When Edward Heath formed a government in 1970, Gibson-Watt was not appointed to a cabinet post but was made Minister of State at the Welsh Office where the newly elected Peter Thomas was Secretary of State. While Gibson-Watt did not support devolution, he accepted that the Welsh Office had become a permanent part of the government. One of his tasks was to chair the meetings of the Welsh Grand Committee where Labour members, irked by his background, tried to shout him down but he always managed to speak over them in a loud booming voice. Towards the end of the Heath government, Gibson-Watt had an operation and he decided not to contest the October 1974 election. Proud of the Conservative achievement in Wales, he reacted sharply to criticism of the party's record between 1970 and 1974. In a letter to The Times of 11 June 1975, he recalled that Heath's government had cancelled the Mid-Wales Rural Development Board, saved the valleys of the Senny and Dulais from flooding, set up the Welsh language advisory committee, brought primary and secondary education under the Welsh Office, and produced the first report on straying animals in the South Wales valleys.
As a landowner in Mid-Wales with a noted herd of Welsh Black cattle, Gibson-Watt had a great interest in farming and the land; he served as Chairman of the Livestock Export Council 1962-1964. After his retirement from political life, he devoted himself to rural affairs, being Forestry Commissioner 1976-1986; Chairman of Timber Growers, United Kingdom 1989-1990, and President 1993-1998; President of the Royal Welsh Agricultural Society 1976 and an industrious and supportive Chairman from 1977 to 1994. From 1975-1979, he was a member of the Historic Buildings Council Wales. He returned, briefly, to politics when he chaired the 'No Assembly' campaign, which argued for a 'no' vote in the devolution referendum on 1 March 1979. In the Queen's Birthday Honours List on 26 June 1979, he was made a life peer and took the title of Baron Gibson-Watt, of the Wye in the District of Radnor. His maiden speech in the House of Lords, as in the House of Commons almost thirty years earlier, was on the subject of forestry. Lord Hailsham, the Lord Chancellor, appointed Gibson-Watt Chairman of the Council on Tribunals, a post he held from 1980 to 1986.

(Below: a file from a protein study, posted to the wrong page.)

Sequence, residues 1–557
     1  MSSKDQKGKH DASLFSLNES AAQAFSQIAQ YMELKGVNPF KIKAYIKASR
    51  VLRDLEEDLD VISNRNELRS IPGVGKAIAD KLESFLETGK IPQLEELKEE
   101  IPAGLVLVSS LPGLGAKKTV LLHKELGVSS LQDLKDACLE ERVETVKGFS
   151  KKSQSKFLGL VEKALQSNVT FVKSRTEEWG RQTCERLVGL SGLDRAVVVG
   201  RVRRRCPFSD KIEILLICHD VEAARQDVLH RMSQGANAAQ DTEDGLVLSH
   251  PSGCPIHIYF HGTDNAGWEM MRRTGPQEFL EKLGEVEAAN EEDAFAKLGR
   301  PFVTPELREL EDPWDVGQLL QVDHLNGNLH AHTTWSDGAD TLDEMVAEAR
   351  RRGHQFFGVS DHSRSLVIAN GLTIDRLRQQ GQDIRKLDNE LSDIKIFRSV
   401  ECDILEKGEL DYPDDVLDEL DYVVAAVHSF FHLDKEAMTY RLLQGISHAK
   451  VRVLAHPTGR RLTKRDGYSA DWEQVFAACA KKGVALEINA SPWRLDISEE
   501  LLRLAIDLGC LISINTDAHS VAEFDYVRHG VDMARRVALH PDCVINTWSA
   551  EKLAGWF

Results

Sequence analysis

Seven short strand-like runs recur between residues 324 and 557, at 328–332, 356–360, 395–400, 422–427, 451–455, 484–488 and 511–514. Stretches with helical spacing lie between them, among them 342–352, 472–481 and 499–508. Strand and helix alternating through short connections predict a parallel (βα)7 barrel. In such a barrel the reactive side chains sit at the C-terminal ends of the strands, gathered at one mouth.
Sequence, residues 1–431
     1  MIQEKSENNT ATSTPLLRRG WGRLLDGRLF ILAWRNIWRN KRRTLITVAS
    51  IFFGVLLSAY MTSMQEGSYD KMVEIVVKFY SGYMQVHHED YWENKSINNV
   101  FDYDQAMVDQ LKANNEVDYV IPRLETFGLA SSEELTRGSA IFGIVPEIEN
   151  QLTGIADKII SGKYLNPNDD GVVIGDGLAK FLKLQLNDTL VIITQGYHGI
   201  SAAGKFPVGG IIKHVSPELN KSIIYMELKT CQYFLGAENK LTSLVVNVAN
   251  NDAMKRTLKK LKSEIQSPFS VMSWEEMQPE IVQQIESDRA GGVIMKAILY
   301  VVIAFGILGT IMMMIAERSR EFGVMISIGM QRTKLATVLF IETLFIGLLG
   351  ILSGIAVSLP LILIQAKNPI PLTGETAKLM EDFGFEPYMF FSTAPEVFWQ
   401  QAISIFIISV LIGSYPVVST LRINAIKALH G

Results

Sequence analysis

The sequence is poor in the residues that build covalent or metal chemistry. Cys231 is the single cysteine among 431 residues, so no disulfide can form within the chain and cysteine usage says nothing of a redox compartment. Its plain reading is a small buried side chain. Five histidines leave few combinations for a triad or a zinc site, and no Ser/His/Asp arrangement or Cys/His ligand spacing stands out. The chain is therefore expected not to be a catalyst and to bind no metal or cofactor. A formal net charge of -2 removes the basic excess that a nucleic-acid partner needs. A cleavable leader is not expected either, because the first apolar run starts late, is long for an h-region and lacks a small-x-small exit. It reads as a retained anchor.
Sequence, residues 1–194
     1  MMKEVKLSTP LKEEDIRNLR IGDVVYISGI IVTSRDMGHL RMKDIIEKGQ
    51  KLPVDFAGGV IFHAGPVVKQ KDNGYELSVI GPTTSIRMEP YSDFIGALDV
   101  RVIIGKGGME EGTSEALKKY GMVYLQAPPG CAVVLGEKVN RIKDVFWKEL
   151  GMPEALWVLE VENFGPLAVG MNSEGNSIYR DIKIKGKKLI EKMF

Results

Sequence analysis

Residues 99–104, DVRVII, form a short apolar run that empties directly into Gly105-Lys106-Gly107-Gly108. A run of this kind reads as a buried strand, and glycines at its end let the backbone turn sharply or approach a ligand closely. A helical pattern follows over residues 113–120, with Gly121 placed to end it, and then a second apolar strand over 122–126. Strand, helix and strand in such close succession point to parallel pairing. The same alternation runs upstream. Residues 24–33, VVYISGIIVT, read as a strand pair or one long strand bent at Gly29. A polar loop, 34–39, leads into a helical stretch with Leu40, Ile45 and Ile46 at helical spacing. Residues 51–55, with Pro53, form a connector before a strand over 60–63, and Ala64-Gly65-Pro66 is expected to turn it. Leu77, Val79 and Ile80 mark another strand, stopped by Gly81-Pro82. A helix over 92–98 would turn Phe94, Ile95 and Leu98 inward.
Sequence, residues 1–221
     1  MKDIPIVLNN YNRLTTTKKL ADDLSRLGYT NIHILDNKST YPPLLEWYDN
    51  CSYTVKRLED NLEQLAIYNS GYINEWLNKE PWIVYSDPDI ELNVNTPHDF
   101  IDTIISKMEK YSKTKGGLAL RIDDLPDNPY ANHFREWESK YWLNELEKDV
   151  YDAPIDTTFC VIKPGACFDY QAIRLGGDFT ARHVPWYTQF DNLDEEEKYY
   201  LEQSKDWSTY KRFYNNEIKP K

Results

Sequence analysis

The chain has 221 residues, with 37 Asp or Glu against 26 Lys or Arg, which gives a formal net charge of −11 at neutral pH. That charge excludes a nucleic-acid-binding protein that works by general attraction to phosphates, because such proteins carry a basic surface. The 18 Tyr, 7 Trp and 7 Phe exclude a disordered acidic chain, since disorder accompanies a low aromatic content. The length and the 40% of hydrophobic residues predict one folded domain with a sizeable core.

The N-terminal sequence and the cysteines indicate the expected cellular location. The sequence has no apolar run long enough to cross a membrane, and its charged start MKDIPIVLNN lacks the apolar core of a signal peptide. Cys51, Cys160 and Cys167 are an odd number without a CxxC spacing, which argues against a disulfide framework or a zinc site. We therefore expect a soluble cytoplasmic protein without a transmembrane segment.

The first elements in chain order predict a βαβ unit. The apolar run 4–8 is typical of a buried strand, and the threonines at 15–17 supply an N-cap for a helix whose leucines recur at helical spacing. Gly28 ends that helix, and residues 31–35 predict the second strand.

David Gibson-Watt was a tall (6'4"), handsome man. He represented an older tradition of public service and gained the reputation of being “the most honest and decent man in politics”. Despite his wider commitments, he served Radnorshire as a Justice of the Peace in Rhayader for many years until his retirement at the age of 70.
He married Diana Hambro, the second daughter of Sir Charles Hambro, Chairman of Hambro's Bank Ltd., on 10 January 1942 and they had three sons and two daughters; their eldest son, Jamie, died on 24 October 1946 at the age of three. Diana Gibson-Watt died in August 2000. Lord Gibson-Watt died at Doldowlod on 7 February 2002. The funeral was a private family occasion and a public memorial service was held at the Church of the Holy Trinity, Llandrindod Wells, on 27 April. He left an estate of £4,104,505. David Gibson-Watt was proud of his descent from James Watt, the eminent engineer who purchased Doldowlod as a summer residence in 1798, and he was helpful to researchers wishing to consult the large collection of Watt archives and artefacts in the possession of the family. He sold the manuscripts to Birmingham Central Library in 1994, and the remainder of the collection was sold in 2003.
Published date: 2008-10-22